Losing Data Disks is Bad for HMO's Health
3/15/2011 by: Darleen Hartley
The security and comfort level of individuals whose personal data has been misplaced by Health Net is at a low point. The managed care organization whose mission is "to help people be healthy, secure and comfortable" has fallen short of its goal. Server drives containing pertinent information are missing from its data center.
IBM is the vendor responsible for managing Health Net's IT infrastructure. They notified the organization that "uh, they can't locate several server drives." The missing drives contain critical data such as names, addresses, Social Security numbers, health and financial information of employees, health care providers, and Health Net members.
Health Net manages various health plans for individuals, groups, and government programs such as Medicare, Department of Defense, and Veterans Affairs. Approximately 6 million individuals across the US receive their health benefits through Health Net. Press releases say that "only" 1.9 million of those may have been compromised. Hopefully you aren't one of them. The organization says you'll be notified by letter if you are among the unlucky ones. A bad turn of events just before St. Patrick's Day. Let's hope you have the "luck of the Irish" on your side.
Scurrying to repair possible damage, Health Net noted that they are offering free credit monitoring services, fraud resolution, identity theft insurance, and restoration of credit files through Debix Identity Protection Network.
Following on the heels of the announcement, the regulatory agency that oversees HMOs (health maintenance organizations) in California, the Department of Managed Health, announced it is looking into Health Net's security practices. Health Net's own home office in Woodland Hills is also conducting an investigation of what happened to the nine drives missing at its data center in Ranch Cordova, just outside of Sacramento. Perhaps by searching the lunch boxes of their 2,000 employees or by shining a flashlight in a few forgotten crannies will bring the disks to light.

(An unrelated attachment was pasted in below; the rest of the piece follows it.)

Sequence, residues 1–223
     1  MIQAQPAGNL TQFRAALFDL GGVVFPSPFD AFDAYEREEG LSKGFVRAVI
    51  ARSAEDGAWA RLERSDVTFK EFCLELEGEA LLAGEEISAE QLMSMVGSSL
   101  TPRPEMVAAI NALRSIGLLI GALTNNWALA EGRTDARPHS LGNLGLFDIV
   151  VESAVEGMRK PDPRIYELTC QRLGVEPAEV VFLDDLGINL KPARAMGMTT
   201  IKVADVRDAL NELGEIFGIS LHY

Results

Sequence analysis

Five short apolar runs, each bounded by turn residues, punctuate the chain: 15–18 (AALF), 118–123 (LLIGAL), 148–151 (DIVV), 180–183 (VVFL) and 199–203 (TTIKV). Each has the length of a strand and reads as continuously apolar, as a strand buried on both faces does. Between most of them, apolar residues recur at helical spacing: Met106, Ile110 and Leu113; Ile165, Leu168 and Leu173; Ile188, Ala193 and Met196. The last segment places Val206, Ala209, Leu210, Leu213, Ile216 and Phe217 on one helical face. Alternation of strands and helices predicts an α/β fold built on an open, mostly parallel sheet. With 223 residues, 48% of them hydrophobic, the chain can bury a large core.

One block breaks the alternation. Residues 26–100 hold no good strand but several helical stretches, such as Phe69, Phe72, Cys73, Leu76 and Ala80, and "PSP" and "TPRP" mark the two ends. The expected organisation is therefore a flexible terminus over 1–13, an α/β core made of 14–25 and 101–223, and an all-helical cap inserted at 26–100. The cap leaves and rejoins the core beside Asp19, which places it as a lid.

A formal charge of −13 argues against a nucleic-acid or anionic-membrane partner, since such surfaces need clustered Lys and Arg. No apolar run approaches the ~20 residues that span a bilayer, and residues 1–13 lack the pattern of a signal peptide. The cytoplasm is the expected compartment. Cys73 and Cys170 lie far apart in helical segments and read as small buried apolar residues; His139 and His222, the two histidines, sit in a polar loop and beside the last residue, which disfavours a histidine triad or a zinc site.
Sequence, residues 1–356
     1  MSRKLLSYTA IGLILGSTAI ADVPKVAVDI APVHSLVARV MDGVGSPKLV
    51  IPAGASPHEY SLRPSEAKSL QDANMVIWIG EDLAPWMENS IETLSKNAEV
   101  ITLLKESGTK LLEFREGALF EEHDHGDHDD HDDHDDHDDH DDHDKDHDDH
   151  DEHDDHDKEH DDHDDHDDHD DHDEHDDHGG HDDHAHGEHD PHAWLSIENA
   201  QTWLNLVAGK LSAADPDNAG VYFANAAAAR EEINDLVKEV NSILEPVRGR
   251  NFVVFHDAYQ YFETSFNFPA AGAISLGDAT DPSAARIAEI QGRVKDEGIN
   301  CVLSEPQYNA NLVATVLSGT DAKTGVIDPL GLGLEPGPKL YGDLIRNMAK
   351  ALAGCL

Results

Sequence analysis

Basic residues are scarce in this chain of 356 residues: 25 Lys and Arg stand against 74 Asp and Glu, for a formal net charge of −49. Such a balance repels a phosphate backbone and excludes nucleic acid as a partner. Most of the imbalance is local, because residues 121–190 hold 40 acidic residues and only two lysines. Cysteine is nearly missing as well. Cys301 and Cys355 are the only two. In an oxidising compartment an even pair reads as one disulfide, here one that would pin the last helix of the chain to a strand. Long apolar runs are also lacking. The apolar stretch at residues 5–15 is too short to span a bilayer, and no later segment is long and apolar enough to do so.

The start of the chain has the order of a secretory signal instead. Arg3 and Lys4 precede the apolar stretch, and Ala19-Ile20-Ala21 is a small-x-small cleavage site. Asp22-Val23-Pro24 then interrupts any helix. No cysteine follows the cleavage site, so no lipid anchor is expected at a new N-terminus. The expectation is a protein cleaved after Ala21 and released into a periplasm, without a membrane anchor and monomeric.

Back in 2008, IBM signed a five-year agreement for services with Health Net for more than $300 million. IBM was to manage Health Net's entire IT infrastructure to increase data center reliability and to save them money. As of today's announcement, it remains to be seen if they accomplished their objective. How do you spell REFUND?
HNT, the Security and Exchange Commission symbol for Health Net shows their stock closed today at $30. I'd look for it to drop with concerns about the costs of fulfilling the offers to repair any damage to its customers who are involved in the lost disks. It is easy to locate the company in Rancho Cordova. However, the disks may not be as easy to find as using a Google map search, but a thorough on-site search just might come upon the disks somewhere in that big facility.
IBM, Health Net, security, SEC, HMO, Department of Managed Health, Woodland Hills, Rancho Cordova, Sacramento, Medicare, Social Security number, Veterans Affairs, Department of Defense, data center, server disk, Debix Identity Protection Network
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